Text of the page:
Zimbabwe at the just concluded Commonwealth summit in Rwanda continued with lobbying for readmission 18 years after it was thrown out of the body over allegations of human rights abuses.
President Emmerson Mnangagwa’s government submitted an application on May 15, 2018 to re-join the grouping of 54 countries, a year after the ouster of strongman Robert Mugabe in a military coup.
The late Mugabe, who ruled Zimbabwe between 1980 and 2017 with an iron fist, was at the loggerheads with the Commonwealth over alleged human rights abuses and electoral fraud.
Zimbabwe’s ambassador to Rwanda Charity Manyeruke , who attended the Commonwealth Heads of Government Meeting (Chogm) in Kigali as an observer alongside other top government officials, told local media that the southern African country’s participation at the summit was a “positive development.”
“Zimbabwe is excited to be participating in Commonwealth forums as this presents opportunities to network with the international community taking into account the government of Zimbabwe’s policy of engagement and reengagement,” Ms Manyeruke said.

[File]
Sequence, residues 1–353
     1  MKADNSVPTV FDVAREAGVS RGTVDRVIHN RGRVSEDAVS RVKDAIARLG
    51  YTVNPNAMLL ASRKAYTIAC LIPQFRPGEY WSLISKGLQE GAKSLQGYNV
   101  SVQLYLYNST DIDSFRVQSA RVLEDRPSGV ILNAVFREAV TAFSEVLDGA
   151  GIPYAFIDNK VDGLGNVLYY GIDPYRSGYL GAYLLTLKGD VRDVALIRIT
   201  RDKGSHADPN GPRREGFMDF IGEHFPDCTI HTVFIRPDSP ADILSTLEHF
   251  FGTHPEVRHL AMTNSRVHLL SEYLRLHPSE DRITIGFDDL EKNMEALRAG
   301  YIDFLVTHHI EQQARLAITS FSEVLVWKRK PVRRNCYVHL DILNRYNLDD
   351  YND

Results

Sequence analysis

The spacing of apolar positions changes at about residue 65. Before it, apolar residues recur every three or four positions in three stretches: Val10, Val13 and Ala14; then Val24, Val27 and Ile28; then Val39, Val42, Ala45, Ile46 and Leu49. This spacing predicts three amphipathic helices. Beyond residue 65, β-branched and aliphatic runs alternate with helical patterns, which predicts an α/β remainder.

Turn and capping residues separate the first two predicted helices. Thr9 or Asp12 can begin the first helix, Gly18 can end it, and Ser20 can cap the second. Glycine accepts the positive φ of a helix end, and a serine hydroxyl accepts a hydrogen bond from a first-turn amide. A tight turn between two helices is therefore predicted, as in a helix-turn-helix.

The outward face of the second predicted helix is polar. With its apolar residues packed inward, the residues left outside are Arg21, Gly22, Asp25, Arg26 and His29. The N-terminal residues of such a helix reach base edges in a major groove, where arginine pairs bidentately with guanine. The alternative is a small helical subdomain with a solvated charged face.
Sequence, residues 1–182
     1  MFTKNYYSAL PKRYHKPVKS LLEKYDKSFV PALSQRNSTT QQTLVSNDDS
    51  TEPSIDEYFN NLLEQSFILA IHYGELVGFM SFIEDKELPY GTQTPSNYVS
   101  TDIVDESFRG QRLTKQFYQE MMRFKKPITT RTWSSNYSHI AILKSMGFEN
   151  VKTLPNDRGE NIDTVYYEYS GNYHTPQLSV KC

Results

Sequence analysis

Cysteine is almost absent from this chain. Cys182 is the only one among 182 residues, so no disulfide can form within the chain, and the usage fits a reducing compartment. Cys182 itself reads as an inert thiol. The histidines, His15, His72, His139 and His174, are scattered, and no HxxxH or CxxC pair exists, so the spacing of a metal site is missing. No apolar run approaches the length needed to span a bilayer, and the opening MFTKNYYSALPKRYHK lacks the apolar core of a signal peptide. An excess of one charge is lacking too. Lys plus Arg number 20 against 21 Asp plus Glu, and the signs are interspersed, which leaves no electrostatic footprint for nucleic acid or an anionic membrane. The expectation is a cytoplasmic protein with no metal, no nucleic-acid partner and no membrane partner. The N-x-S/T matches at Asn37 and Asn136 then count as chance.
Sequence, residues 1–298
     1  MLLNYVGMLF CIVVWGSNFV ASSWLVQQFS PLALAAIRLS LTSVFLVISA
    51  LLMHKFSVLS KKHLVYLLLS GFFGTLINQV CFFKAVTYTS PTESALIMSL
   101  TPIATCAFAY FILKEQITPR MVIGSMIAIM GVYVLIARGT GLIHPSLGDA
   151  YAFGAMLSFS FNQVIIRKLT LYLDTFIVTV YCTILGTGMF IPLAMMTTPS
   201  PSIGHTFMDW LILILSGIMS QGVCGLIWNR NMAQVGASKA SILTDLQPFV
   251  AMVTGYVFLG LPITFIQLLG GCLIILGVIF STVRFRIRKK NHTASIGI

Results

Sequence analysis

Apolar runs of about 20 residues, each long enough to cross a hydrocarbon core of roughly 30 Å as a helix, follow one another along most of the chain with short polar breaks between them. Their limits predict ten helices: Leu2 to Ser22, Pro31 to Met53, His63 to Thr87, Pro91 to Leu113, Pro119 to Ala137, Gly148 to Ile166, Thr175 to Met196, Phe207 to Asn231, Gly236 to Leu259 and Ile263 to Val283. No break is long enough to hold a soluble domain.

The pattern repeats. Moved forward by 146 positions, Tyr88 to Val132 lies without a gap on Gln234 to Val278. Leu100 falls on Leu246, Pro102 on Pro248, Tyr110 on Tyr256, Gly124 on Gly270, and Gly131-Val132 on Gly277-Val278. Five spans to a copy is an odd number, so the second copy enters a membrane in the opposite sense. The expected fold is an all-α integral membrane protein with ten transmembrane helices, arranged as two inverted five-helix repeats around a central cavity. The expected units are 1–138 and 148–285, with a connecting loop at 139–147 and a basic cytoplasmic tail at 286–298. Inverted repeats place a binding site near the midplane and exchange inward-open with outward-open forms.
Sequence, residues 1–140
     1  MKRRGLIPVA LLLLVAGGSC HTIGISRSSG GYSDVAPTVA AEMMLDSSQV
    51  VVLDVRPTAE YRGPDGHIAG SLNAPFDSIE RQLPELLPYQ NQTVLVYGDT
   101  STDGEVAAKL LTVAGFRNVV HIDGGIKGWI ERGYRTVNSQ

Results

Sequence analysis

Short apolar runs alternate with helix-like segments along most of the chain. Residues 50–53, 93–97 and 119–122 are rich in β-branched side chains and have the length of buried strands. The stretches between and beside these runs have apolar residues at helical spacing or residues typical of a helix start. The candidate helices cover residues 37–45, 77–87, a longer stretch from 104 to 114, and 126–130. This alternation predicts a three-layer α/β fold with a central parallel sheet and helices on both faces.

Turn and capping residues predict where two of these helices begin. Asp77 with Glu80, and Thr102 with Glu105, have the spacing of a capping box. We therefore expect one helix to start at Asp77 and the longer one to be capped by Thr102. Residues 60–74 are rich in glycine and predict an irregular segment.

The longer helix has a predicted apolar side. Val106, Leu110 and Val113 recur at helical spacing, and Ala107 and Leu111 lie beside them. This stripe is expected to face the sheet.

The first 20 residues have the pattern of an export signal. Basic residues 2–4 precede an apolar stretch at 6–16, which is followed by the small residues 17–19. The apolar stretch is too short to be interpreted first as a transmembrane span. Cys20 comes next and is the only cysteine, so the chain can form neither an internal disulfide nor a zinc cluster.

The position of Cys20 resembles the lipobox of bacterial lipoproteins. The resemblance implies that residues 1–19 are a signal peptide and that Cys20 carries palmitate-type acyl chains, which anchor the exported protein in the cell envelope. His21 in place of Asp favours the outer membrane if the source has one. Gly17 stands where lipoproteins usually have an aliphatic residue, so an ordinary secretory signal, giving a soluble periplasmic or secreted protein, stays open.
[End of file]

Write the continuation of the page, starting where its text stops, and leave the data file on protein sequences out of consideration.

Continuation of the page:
“The Commonwealth meeting in Kigali has provided opportunities for our Zimbabwean diaspora across the globe, who are participating as panellists, facilitators and as delegates in the forums.
“I have met with the Zimbabwe diaspora, media, private sector, academia, civil society, those in finance and banking, arts and students, “They have had an opportunity to engage.”
Three Zimbabwean ministers attended side events at the summit such as the Commonwealth Women Forum and the Commonwealth Business Forum.
Harare has been lobbying countries such as Rwanda to support its efforts to be readmitted into the Commonwealth.
Zimbabwe’s Foreign Affairs deputy minister David Musabayana said he had held meetings with influential people to discuss the country’s potential readmission.
“We are humbled to be invited to attend as observers,” Mr Musabayana said.
“There is a lot of interest in Zimbabwe from Commonwealth member countries, who are keen to do business and invest in Zimbabwe,” he added.
After the coup, countries such as the United Kingdom appeared ready to support Zimbabwe’s return to the Commonwealth, but the stance has since changed owing to President Mnangagwa’s reluctance to implement promised electoral reforms.